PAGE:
Students kept an Excavation Journal through the five weeks of ENH251: Mythology. They were advised to use their journal to record: observations, notes, questions, ideas, images, sketches, maps and artifacts in addition to the answers to the various Dig Sheets. Each Dig Sheet focuses on a particular area of world mythology, engaging the student in reflective thinking about assigned readings while also encouraging their use of creativity.
In my Ethics course I assigned students a criminal justice current events assignment. This was a written report in which students were given the choice of choosing an incident of unethical conduct. I found that about half of the students did not have a clear comprehension of what was involved and why it was a problem. Many students were not able to answer basic questions. Three semesters ago I changed the assignment to include an oral presentation in class.
Is there really a need to kill another tree if CANVAS provides a medium for quizzes? In a quasi-experimental design, introductory stats students across two semesters (SP and FA ‘16) with two different instructors self-reported the number of hours spent studying for a common cumulative quiz. One group used e-quizzes, the second used paper quizzes. Results are as follows:
I had nine students who were disengaged in group discussions. They had not actively participated in our class discussions by: being active, speaking up, volunteering for activities, or asking or answering questions.
To help, I used nine small candy bars, and taped them to the bottom of these student's desk. Students discussed nine key points in small groups. This way every student was actively involved in the learning of the material. After, students had to reach under their desk, and if they had a chocolate bar they were the chosen ones to share.
I have required my introductory statistics students to meet with tutors in the student success center as part of course requirements for the past three academic years. However, without accountability, very few attend. To this end, I designed a passport for students that needed to be signed by the tutor with time logged as well as weekly comments that reflected their experience with course content. Students were required to spend at least 6 hours in tutoring during the semester with at least two hours completed during each third of the semester to avoid students using the 6 hours of requi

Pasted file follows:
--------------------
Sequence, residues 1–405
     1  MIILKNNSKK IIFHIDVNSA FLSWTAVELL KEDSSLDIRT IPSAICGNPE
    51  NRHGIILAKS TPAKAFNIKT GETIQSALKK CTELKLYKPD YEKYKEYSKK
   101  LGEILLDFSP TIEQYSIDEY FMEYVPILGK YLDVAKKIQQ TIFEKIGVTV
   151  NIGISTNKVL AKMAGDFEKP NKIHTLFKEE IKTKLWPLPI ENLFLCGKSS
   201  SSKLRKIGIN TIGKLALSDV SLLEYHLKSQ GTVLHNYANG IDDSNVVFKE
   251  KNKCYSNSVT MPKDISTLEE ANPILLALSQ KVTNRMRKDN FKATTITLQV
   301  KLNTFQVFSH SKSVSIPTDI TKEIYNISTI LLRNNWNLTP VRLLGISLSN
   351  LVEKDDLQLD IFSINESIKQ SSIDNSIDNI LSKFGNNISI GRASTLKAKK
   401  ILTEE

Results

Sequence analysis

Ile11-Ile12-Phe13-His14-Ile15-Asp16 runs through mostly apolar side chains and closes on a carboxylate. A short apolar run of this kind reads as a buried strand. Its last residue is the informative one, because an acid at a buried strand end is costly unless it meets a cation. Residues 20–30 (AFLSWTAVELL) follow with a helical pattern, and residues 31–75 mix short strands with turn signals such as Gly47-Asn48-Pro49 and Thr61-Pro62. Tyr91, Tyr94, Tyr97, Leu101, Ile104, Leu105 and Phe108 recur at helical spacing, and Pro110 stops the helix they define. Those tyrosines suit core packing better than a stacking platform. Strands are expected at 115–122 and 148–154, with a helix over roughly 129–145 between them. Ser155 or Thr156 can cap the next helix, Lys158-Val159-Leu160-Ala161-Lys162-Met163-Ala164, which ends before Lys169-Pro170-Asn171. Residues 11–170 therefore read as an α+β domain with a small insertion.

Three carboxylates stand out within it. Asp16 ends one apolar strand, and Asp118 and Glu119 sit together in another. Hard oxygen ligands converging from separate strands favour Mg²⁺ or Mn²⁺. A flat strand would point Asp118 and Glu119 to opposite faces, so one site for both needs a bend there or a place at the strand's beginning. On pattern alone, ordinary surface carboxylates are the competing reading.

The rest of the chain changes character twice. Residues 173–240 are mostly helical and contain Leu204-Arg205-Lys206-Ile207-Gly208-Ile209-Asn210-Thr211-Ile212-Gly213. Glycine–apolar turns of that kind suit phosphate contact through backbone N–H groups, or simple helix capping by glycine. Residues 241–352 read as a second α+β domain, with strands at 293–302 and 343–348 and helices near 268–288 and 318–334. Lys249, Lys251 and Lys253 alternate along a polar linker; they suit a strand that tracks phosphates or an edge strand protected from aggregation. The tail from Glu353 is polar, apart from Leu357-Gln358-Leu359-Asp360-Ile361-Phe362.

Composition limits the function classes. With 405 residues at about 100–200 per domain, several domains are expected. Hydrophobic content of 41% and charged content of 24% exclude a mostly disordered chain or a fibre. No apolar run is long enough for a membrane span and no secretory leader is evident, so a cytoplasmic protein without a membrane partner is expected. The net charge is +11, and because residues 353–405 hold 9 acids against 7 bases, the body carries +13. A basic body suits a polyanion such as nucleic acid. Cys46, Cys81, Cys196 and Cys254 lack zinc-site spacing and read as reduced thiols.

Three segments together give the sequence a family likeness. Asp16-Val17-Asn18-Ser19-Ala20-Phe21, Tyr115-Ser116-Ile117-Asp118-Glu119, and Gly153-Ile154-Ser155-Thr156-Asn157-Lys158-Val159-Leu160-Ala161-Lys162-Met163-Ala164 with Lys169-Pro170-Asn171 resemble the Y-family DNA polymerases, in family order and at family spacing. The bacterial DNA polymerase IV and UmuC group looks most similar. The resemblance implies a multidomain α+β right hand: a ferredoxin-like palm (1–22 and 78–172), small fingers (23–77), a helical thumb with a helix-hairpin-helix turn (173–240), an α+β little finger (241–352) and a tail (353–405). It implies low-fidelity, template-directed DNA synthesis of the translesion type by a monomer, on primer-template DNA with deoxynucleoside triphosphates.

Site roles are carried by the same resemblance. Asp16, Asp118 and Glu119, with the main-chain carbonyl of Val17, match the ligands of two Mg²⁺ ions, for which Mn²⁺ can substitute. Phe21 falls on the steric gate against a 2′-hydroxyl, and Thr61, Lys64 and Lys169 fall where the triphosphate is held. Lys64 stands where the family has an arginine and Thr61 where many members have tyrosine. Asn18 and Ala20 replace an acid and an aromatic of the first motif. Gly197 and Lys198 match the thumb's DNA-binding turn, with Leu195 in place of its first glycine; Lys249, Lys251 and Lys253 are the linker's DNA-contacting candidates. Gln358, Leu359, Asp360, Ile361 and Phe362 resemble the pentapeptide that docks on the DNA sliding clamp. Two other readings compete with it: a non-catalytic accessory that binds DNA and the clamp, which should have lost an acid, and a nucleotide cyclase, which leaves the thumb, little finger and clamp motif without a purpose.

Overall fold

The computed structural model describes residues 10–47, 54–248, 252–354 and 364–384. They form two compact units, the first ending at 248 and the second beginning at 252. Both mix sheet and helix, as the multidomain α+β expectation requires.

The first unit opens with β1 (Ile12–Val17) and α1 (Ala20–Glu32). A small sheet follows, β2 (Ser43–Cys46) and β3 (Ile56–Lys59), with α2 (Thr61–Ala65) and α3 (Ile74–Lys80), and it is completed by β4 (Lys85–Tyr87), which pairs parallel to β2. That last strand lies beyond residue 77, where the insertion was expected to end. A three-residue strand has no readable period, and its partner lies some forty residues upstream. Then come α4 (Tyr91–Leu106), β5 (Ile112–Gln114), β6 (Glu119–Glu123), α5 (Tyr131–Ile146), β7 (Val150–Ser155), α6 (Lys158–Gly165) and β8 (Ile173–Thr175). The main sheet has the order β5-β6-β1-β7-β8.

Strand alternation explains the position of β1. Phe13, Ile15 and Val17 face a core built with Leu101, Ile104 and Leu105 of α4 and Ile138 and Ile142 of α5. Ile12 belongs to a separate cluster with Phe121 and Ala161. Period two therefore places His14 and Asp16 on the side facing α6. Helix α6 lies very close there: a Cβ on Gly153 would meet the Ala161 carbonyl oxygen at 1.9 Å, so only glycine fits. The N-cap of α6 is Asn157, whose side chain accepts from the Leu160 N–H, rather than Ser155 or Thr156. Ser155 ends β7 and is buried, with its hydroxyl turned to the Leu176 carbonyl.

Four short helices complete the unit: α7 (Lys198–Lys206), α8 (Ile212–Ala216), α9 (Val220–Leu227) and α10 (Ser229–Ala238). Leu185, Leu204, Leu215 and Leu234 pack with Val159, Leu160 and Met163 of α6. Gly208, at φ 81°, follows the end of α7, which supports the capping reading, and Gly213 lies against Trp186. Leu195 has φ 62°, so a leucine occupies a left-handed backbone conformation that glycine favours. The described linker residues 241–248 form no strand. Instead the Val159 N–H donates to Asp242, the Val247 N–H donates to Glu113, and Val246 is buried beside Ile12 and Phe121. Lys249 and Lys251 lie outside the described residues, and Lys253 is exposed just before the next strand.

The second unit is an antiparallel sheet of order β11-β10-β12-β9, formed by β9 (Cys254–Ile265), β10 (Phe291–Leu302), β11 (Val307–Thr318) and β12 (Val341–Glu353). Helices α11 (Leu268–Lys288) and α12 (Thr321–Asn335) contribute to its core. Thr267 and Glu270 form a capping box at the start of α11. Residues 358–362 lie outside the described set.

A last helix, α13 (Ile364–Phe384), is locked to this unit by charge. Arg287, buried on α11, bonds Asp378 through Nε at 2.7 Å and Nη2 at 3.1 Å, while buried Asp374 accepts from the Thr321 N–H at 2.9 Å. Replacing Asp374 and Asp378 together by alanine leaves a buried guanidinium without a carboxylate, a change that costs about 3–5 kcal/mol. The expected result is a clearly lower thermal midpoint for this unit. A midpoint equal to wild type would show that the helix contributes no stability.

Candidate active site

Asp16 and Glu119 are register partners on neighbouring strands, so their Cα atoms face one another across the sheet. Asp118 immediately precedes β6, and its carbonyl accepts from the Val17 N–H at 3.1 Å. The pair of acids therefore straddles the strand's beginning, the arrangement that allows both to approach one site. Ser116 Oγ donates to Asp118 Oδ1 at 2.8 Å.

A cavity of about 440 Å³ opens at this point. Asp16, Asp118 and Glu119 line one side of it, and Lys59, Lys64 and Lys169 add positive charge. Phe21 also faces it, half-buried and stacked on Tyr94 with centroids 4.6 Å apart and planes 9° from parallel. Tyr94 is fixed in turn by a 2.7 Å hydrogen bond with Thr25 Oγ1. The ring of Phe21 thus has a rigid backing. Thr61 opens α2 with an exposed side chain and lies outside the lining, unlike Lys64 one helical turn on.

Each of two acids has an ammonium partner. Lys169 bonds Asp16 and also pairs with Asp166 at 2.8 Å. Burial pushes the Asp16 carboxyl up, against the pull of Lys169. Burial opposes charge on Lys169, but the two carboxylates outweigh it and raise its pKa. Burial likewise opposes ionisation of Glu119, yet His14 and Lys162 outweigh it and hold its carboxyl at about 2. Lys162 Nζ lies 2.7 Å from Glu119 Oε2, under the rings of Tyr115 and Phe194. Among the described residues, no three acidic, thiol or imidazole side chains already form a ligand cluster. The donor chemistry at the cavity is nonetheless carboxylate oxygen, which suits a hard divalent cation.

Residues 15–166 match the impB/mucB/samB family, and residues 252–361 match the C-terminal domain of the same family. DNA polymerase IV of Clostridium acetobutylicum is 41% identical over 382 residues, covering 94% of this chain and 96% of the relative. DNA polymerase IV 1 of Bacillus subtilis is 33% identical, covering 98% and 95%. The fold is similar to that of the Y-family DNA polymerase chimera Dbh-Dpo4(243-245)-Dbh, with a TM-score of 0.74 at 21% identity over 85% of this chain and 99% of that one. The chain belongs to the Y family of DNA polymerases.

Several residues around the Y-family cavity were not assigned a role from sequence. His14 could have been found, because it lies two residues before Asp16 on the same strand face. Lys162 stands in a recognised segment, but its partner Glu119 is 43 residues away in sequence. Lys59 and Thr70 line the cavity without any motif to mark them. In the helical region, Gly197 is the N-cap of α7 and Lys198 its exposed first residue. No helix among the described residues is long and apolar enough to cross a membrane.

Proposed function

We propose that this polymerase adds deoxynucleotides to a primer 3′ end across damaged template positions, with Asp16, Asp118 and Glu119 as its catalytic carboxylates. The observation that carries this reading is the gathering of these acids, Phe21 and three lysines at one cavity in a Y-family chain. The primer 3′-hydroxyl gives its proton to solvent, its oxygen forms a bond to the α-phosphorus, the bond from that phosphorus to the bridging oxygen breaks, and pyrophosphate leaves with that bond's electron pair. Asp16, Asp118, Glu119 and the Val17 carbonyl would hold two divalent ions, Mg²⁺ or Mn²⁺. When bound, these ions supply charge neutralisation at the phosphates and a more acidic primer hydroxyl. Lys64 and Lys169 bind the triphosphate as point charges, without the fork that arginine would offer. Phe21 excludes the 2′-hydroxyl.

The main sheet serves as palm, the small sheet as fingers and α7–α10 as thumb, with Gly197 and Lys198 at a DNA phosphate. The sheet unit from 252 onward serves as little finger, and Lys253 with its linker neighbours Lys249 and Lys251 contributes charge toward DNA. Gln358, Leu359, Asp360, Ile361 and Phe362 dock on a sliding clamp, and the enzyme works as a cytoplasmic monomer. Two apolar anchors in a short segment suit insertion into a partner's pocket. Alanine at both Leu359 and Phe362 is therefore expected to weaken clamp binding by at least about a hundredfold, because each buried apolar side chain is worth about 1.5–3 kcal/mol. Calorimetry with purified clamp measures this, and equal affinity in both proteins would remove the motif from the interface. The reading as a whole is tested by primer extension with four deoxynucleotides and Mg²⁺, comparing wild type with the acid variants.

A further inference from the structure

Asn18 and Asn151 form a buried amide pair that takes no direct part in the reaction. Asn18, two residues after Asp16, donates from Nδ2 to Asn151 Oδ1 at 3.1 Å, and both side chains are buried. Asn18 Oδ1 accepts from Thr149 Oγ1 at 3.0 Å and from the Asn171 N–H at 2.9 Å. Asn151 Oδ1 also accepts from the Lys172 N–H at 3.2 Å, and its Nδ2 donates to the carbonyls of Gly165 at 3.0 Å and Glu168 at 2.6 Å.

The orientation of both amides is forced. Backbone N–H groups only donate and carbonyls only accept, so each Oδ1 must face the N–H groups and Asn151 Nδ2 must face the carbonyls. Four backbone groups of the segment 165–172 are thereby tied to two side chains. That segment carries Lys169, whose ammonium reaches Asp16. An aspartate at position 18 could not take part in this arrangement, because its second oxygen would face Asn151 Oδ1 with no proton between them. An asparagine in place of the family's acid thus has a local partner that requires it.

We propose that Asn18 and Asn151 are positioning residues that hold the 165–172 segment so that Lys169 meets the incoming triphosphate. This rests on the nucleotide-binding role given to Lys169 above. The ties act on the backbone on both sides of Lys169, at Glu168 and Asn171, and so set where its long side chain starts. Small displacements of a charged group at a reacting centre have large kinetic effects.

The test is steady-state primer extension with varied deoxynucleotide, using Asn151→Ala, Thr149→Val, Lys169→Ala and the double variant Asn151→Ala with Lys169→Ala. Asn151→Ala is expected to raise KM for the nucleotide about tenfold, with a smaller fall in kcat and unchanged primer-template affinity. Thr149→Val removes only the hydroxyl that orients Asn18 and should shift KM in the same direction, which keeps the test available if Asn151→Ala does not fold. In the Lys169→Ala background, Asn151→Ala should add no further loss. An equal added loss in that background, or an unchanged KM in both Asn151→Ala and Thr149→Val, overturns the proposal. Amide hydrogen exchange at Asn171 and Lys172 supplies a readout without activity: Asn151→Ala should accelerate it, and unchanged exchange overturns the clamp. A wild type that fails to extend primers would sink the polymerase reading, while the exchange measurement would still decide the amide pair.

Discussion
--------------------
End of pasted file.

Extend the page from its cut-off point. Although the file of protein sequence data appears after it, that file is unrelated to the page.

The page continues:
The Feminist Club engaged students in a workshop for Women's History Month. The workshop focused on understanding intersectionality and its importance to feminism. Students engaged in active learning with the student leader who presented. A pre survey and post survey was given to the students to measure their learning. Please see attachment.
Student Life (Herschel Jackson) created the Summer Success Institute (SSI) and collaborated with Student Success Programs/NSO (Daniel Meador & MElinda Sanchez) to provide intense workshops to prepare first semester students for Fall 2016. The SSI provided first year students with a jumpstart to their college success through the energizing and dynamic experiences. Students learned how to navigate successfully the college environment. The institute consisted of four 3- hour workshops during the month of July.
For both students and instructors, major writing research projects are problematic: they're especially difficult for students who lack strong writing skills, and they difficult for instructors in the time it takes to grade the projects. After several semesters grading a major APA-style career research 5-7 page paper for CPD 150, I was disappointed in student scores (especially in grammar), and I never looked forward to the amount of time I knew it would take me to grade all of the papers. It was time to "build a better mousetrap"!
The Feminist Club's focus for Women's History Month has been Intersectionality and Feminism. Club members tabled outside with posters on intersectionality in order to educate employees and students on its importance. 95% of those who attended the table did not know about intersectionality. After club members discussed the topic with attendees and shared their informational posters, attendees were encouraged to create a poster on intersectionality. The posters were placed on a clothesline for sharing.